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HomeNewsLocal newsMahogany Run Golf Course Nearing a Sale?

Mahogany Run Golf Course Nearing a Sale?

Once the scenic playground of St. Thomas, the Mahogany Run golf course has languished ever since it was badly damaged by Hurricane Irma in 2017. (Photo by Teddi Davis)

There may soon be new life for the Mahogany Run Golf Course, which has sat idle and deteriorating for the last four years, while it was listed for sale as part of a package deal for $40 million.

A partial breakout of the package and a drastic drop in the asking price to $22 million seem to have made the property a lot more attractive.

Wednesday, April Newland, the V.I. real estate agent who has the listing, denied a rumor that a sale has been made, saying, “I think we’re getting closer to something, but it’s not set in stone.”

Newland said she has had several offers that were rejected. “There’s a lot of interest in that property” from potential buyers. “As a matter of fact, we showed it yesterday to a group.”

There has also been considerable public interest in the fate of the golf course, which for decades was both a major tourist attraction and a recreation hub for locals.

The original listing comprised the 130-acre golf course, some 87 contiguous acres of land, and a separate 20-acre development site in Tutu Bay. Included with the property were improvements at the golf course, notably a restaurant and club house and a reverse osmosis plant.

Newland said the Tutu Bay property is not part of the deal now, and the amount of land in addition to the 130-acre golf course is 60 acres, rather than 87.

She said she could not discuss the status of the Tutu Bay property.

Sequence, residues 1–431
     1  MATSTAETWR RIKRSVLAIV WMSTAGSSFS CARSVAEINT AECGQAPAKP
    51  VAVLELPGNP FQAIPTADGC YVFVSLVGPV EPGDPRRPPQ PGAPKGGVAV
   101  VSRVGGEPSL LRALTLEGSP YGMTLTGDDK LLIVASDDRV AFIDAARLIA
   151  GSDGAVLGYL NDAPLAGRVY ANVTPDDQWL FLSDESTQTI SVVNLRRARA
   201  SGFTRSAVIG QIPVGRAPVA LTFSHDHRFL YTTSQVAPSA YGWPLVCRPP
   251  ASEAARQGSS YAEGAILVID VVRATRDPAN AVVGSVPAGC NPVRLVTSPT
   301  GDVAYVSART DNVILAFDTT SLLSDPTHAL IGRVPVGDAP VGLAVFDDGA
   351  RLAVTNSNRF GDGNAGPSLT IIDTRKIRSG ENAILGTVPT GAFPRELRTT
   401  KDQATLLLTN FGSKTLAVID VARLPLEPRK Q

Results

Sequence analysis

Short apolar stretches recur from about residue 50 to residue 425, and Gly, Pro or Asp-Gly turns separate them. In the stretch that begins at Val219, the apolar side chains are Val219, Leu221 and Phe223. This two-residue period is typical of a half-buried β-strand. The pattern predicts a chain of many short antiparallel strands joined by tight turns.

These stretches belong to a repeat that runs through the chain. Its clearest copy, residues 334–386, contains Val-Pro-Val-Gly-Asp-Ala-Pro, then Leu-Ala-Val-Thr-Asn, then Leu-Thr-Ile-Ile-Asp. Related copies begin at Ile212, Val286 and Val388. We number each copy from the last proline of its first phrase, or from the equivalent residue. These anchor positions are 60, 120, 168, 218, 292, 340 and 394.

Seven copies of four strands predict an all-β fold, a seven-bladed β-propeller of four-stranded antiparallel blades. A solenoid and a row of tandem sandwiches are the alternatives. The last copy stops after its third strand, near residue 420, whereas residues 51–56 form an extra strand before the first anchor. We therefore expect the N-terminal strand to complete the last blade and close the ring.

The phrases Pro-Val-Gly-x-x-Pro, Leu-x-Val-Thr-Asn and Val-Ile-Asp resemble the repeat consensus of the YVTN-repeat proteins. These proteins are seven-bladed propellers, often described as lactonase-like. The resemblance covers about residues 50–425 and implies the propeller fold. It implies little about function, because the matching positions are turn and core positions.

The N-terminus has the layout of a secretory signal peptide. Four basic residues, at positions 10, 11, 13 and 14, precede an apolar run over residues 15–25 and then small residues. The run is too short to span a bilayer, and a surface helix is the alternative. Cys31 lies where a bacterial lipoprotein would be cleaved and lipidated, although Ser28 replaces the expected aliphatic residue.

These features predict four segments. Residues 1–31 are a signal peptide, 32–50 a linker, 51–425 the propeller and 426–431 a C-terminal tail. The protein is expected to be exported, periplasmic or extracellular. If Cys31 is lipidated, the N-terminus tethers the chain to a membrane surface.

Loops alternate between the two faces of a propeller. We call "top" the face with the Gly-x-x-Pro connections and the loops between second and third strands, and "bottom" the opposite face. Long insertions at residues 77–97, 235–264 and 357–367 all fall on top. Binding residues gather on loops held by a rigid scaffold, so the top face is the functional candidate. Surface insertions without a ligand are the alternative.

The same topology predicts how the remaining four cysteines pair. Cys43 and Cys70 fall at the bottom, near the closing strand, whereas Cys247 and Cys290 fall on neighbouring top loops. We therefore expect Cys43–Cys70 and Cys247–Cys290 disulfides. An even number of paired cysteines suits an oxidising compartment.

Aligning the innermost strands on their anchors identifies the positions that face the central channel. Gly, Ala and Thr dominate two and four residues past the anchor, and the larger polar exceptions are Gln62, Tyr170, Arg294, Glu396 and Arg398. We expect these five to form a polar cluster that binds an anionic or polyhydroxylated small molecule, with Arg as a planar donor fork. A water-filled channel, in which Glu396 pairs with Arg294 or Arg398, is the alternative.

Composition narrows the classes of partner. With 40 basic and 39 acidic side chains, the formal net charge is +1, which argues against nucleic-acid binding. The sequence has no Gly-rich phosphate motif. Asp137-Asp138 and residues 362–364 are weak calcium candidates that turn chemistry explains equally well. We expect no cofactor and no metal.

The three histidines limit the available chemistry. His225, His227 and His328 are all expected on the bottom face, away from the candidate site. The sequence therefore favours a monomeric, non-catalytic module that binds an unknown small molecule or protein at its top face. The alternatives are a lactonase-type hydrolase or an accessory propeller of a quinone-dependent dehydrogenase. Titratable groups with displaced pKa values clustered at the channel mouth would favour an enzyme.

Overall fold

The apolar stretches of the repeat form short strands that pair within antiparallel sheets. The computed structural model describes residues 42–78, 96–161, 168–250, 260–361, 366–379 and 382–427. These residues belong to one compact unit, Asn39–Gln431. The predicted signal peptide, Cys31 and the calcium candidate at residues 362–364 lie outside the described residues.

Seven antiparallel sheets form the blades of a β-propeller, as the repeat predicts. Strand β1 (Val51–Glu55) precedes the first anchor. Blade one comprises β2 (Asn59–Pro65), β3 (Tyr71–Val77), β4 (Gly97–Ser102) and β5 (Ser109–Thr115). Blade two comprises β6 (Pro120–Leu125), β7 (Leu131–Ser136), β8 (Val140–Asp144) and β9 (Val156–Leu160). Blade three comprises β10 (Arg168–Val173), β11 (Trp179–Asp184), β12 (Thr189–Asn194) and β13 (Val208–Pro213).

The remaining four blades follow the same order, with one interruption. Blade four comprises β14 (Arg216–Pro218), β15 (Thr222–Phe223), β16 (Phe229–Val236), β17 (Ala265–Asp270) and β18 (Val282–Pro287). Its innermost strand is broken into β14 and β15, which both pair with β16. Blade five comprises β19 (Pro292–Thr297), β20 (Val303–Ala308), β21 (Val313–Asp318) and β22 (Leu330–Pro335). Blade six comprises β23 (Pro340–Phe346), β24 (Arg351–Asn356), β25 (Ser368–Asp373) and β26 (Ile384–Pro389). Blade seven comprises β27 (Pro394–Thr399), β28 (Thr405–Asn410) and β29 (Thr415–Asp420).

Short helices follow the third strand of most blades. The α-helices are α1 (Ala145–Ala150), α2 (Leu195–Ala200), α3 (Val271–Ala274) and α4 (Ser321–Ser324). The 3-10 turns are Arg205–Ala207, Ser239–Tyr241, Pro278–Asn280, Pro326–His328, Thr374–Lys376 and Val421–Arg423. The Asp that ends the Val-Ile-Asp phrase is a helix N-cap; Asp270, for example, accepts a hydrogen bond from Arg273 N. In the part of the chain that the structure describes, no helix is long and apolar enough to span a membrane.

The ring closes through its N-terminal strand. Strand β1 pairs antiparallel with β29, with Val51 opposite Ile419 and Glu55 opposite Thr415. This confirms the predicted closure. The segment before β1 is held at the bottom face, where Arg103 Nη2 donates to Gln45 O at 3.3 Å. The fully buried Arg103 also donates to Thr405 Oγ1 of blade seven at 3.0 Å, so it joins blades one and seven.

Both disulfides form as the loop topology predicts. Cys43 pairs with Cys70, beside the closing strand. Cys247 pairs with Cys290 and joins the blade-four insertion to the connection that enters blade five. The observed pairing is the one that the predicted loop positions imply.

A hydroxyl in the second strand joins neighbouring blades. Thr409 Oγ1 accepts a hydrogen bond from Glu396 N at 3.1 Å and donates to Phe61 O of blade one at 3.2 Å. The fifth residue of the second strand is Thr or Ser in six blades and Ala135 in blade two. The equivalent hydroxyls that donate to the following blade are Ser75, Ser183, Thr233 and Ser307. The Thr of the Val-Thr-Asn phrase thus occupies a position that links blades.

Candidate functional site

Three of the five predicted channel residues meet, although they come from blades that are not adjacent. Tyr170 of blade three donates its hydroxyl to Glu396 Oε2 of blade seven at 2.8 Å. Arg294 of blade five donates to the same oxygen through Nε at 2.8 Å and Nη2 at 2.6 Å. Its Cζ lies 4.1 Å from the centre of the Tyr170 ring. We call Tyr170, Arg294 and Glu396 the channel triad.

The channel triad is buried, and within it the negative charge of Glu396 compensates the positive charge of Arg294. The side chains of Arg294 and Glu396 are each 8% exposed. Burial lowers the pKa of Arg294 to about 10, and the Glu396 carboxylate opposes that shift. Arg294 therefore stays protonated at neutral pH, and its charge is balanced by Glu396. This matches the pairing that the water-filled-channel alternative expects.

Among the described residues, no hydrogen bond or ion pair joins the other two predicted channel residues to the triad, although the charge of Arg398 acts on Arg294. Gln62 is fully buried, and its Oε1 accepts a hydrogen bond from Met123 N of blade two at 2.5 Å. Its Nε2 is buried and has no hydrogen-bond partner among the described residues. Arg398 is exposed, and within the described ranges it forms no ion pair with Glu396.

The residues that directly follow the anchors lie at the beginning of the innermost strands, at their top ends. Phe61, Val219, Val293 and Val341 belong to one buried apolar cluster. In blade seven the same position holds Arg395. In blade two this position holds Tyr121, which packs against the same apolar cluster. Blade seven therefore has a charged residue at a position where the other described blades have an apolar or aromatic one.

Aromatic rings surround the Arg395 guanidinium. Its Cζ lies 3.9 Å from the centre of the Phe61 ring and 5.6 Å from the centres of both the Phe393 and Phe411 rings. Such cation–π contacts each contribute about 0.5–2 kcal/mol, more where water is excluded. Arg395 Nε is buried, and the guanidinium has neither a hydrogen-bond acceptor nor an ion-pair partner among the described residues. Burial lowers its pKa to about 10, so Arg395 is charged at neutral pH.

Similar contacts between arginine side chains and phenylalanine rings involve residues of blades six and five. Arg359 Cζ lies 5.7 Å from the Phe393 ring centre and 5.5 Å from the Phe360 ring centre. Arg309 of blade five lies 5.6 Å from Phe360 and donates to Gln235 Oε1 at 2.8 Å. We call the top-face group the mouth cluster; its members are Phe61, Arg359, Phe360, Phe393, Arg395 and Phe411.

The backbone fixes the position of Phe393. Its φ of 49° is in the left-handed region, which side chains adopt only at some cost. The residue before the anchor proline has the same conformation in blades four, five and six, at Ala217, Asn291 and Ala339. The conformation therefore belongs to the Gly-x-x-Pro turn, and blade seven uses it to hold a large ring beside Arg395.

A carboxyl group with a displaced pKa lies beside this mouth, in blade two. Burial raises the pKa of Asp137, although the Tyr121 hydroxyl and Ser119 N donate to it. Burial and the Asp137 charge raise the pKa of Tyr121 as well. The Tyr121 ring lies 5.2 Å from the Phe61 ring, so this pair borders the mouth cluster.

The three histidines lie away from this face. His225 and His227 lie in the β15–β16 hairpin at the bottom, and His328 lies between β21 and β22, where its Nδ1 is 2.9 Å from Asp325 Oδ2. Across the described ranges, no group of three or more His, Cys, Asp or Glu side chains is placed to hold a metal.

When an entity called Dun-Run Golf LLC was the owner of record several years ago, there was a proposal to build a large hotel on the Tutu Bay site by Estate Mandahl. The move engendered considerable opposition and faced various delays as it wound its way through permitting requirements, and eventually was abandoned.

Not long afterward, in September 2017, Hurricane Irma struck St. Thomas and badly damaged the golf course, the restaurant and other buildings. The course closed, as did the restaurant and gift shop. Substantial repairs have yet to be made.

Although the course has not been maintained in recent years, Newland said it still holds a lot of value.

Well-known course architects George and Tom Fazio designed the 18-hole par 70 course which opened in 1980. It featured the “Devil’s Triangle,” a three-pronged challenge, and over the years it drew countless celebrities from the mainland as well as attracting local golf enthusiasts and hosting numerous tournaments. It was home to local leagues. Its Grille Room was a popular restaurant with locals and visitors.

The property boasted a 300,000-gallon reverse osmosis plant and irrigation system. The plant supplied water not only for the property but for the nearby sprawling condominium complex, which shares the Mahogany Run name but is not directly affiliated with the golf course.

“It was definitely a source of income that was very positive,” Newland said of the reverse osmosis plant. “I believe it could be repaired pretty quickly and put into operation.”

New owners might get a favorable response if they apply for tax subsidies.

“The governor is very anxious for it to be opened again,” Newland said. “The governor and the EDA (Economic Development Authority) have really been cooperative.” The V.I. Economic Development Authority is a semi-autonomous government entity that gives tax breaks for the purpose of promoting V.I. economic development.

Newland declined to say who the seller is now.

Dun-Run was a subsidiary of a publicly traded entity called Transcontinental Realty Investors, Inc. According to the former attorney for Dun-Run, George Dudley, Transcontinental sold it to another entity called ABC Land Company after the hurricane, in March 2018. As late as November 2020, when the Source reported on the status of the golf course, Newland confirmed the owner was still ABC Land Company.

A view overlooking Mahogany Run Golf Course. (Photo by James Gardner)
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